The thickness of a surfboard leash increases with size. The larger and more powerful waves need a leash that is at least 7 feet long and seven millimeters in diameter. If you're surfing on big or very-big waves, you need a leash that is eight to twelve feet long and eight to nine millimeters in diameter. Lastly, you may want to consider Rail savers for extra safety.
Depending on your surfboard, the thickness of your leash will vary. Thinner leashes are suitable for beginners, while thicker ones are better for more experienced surfers. In fact, leash thickness is primarily determined by your surfing skill and experience. Beginners should consider the length and width of their board before purchasing a leash. Beginners usually prefer to round up their surfboard size by 1' to get a better fit.
The thickness of your leash also depends on the type of water conditions you plan to surf in. Thinner leashes are better for small waves, while thicker ones are best for bigger and regular waves. However, remember that thinner leashes tend to cause more drag than thick ones, and a thicker one will be more comfortable and easier to handle. You can also opt for a leash that is longer, as they are better for beginners.
Longboarders often choose a longer leash than beginners. The reason for this is that the length of the surfboard reaches out farther during a wipeout, increasing the risk of another surfer being hit by it. In addition, thick leashes add unnecessary drag to the board while in the water. Conversely, a short leash can make a fall on the board more difficult and cause it to rebound. If you have good board control, try to adapt the length of your leash to your preferred board.
A surfboard leash should be at least the same length as the board. However, it is possible to buy leashes in various lengths that are proportional to the board. Fortunately, there are leashes available for any length, from four feet for a child's board to as long as twelve feet for a longboard. The length of the leash should be proportionate to the length of the board, and be slightly longer or shorter than the board's length.
When choosing a leash, it's important to choose the diameter that will properly attach to your surfboard. For most surfboards, a diameter of two to three inches is ideal. However, if you have a surfboard that's smaller than two inches, you may need a longer leash. Fortunately, you can buy leashes with a larger diameter, too. However, you should be wary of the dangers associated with using a long leash on your surfboard.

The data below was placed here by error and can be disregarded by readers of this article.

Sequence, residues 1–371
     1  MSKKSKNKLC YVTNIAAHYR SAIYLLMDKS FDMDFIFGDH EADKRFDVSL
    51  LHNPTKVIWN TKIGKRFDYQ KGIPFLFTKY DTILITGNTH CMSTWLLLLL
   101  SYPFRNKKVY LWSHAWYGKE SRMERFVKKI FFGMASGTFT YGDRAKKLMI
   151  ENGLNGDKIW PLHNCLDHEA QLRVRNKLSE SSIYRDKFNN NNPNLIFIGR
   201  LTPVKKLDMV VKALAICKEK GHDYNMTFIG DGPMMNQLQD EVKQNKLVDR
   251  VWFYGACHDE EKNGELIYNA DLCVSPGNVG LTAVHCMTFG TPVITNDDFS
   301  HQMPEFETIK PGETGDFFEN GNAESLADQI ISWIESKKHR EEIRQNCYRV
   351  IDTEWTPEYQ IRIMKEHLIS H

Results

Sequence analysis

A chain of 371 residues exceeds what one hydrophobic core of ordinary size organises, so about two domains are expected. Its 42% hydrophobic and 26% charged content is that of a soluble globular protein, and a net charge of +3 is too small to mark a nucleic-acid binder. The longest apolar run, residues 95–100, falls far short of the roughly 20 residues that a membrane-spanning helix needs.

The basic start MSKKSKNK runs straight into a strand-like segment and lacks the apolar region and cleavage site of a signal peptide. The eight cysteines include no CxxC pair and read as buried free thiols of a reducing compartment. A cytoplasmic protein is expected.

When selecting a surfboard leash, keep in mind that size and board power are only two factors to consider when choosing the length. A 7-foot leash is a good standard for most surfboards, while 8 to nine-foot lengths are appropriate for larger boards. If you plan to walk your board to the nose, you should opt for a length of nine to ten feet. This will keep you and your surfboard from getting caught in the impact zone.
If you're strapped to a leash, you should consider buying a rail saver for your surfboard. These accessories are designed to protect the rails of your board from the leash cord and prevent the leash from touching the rails and pulling into the tail. The rail saver is typically made of thick protective fabric and fastens with velcro. It is designed to catch the leash when the waves pull it away, keeping it from cutting the tail of your surfboard.
These are essential to protect your board during travel. Most rail savers have 2 layers and require you to remove the top one first. To remove the other layer, use a hair dryer to melt the glue. If the rail saver is stuck, just tug gently on it until it comes off. Then you can proceed to remove the remaining rail saver. This process should be fairly simple and won't take much time.